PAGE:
I am passionate about policy-driven, empirical, and multidisciplinary research. My work focuses on freight transportation, supply chain and logistics, and humanitarian/disaster response logistics. My work includes freight demand modeling, parking vehicle simulation, facility location, post-disaster distribution modeling, and cooperative game-theoretic models. Practice and policy-driven research include evaluation of freight externalities, implementation of policy initiatives for sustainable urban freight systems, and cooperation models of industry supply chains. My empirical research includes the economic valuation for the lack of relief supplies in post-disaster response, freight trip generation and service trip generation models, and parking duration. I have strong theoretical foundations in operations research, statistical analyses, and economics.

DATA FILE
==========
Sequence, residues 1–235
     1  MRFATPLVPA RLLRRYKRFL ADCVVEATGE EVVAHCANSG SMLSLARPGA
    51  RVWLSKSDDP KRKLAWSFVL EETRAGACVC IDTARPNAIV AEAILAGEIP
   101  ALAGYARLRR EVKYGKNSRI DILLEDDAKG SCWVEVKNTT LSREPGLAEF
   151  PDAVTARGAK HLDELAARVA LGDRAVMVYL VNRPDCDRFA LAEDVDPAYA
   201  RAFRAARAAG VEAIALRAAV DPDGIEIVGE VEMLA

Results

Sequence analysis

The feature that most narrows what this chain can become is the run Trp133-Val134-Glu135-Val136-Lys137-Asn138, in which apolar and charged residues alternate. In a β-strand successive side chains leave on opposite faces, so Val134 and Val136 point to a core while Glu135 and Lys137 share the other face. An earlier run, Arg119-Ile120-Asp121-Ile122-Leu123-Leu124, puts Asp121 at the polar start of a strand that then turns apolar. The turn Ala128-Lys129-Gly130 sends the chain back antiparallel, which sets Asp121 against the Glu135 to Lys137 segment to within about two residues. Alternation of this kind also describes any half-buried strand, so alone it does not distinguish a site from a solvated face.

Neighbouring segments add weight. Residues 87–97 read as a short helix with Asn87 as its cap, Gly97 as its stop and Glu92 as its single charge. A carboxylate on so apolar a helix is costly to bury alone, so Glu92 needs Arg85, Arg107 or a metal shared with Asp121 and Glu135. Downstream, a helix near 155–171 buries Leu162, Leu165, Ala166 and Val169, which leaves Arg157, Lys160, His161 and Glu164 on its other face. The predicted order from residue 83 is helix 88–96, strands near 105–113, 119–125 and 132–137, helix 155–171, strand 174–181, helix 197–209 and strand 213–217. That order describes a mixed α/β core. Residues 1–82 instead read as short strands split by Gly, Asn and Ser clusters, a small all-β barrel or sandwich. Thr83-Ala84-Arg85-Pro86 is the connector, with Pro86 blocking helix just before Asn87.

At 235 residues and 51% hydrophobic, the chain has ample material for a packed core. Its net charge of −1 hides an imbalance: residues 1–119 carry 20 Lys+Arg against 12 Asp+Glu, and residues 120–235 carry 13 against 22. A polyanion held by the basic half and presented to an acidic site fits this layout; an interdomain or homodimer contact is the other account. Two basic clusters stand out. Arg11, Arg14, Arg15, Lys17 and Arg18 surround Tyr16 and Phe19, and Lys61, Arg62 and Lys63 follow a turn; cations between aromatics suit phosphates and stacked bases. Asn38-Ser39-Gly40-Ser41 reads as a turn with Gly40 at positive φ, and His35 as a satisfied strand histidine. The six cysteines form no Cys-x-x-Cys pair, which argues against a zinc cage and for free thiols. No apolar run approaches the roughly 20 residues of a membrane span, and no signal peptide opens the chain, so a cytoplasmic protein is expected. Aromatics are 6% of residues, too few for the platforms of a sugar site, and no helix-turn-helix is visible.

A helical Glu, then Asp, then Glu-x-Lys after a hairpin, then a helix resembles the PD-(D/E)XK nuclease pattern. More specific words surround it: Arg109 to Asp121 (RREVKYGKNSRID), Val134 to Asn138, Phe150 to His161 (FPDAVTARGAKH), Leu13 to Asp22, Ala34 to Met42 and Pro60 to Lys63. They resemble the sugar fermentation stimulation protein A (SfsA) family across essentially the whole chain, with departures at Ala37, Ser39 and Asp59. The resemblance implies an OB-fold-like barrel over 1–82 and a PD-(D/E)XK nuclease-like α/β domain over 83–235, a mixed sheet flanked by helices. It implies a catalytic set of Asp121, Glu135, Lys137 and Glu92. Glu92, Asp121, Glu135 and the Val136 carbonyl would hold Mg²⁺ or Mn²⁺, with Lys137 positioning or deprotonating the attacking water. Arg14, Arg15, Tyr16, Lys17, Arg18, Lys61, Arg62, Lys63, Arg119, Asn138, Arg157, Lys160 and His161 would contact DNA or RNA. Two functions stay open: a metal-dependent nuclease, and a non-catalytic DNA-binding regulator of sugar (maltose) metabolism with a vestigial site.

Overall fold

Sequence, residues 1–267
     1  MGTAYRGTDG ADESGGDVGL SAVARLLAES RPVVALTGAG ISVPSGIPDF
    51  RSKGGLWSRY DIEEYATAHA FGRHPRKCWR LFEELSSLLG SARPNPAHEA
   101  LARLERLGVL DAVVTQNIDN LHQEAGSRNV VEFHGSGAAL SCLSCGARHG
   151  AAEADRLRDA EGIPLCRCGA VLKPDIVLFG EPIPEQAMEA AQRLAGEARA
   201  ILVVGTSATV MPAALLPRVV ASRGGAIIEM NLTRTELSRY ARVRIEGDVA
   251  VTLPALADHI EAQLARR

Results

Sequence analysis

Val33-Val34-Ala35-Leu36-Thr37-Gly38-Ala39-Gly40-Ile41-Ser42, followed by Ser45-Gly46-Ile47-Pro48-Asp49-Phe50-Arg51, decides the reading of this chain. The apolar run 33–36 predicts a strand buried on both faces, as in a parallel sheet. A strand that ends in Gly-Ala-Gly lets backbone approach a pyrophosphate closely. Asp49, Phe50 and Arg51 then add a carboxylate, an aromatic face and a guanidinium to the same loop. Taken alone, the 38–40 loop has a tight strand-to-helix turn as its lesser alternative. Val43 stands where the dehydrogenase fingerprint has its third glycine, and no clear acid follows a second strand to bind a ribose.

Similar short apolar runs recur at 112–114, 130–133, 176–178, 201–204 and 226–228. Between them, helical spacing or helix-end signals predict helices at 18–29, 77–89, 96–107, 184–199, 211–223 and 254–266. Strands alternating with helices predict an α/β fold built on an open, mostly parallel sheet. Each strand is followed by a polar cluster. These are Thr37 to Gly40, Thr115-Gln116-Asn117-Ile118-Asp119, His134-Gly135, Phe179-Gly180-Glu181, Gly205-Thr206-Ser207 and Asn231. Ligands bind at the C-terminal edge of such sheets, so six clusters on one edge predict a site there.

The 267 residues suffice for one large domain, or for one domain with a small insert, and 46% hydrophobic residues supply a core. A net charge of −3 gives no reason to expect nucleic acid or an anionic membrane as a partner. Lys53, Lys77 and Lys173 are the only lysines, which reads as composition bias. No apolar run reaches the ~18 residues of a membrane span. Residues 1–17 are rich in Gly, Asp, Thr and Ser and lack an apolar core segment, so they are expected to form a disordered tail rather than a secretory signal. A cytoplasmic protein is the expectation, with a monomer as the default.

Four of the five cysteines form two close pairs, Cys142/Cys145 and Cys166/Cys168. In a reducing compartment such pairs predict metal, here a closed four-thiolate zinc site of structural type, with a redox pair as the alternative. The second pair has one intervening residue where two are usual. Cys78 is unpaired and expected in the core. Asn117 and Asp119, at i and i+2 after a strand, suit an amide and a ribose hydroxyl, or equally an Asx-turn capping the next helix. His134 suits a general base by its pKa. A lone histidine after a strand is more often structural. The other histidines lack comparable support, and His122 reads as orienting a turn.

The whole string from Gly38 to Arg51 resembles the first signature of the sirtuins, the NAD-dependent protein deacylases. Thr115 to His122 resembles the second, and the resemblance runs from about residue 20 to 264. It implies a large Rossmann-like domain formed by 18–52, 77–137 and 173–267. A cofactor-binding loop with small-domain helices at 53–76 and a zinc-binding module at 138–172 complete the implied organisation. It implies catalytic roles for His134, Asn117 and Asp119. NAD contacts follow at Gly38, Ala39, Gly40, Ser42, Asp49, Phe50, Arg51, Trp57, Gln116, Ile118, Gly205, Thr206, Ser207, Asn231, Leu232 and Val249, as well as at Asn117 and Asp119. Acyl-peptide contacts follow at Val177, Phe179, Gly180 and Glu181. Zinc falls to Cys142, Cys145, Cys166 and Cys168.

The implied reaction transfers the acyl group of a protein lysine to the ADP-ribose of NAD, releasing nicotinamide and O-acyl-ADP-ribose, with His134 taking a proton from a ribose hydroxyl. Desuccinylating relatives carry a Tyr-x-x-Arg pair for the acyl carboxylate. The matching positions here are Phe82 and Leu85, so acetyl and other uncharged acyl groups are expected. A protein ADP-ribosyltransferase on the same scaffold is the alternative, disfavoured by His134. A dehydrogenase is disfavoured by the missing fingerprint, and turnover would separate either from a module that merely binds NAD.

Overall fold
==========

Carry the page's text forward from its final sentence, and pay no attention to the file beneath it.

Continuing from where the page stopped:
My research work in freight and disaster response logistics considers the welfare of vulnerable communities. In my disaster response logistics work, I have proposed models that reduce the suffering of vulnerable populations affected by the disaster. I developed continuous-approximation models to solve the facility location (FL) problem, where the CA models of non-linear deprivation costs reduce the complexity of the FL model with continuously distributed demand. These models can be extended to stochastic formulations and dynamic time-dependent settings, common in disaster response. In the freight transportation side, I use empirically driven freight demand models to minimize the pollutants produced by freight vehicles to the communities. I develop optimal routing and location models for more sustainable modes of transportation for the last mile delivery. I also utilize simulation models in freight logistics, especially to estimate parking needs in urban areas.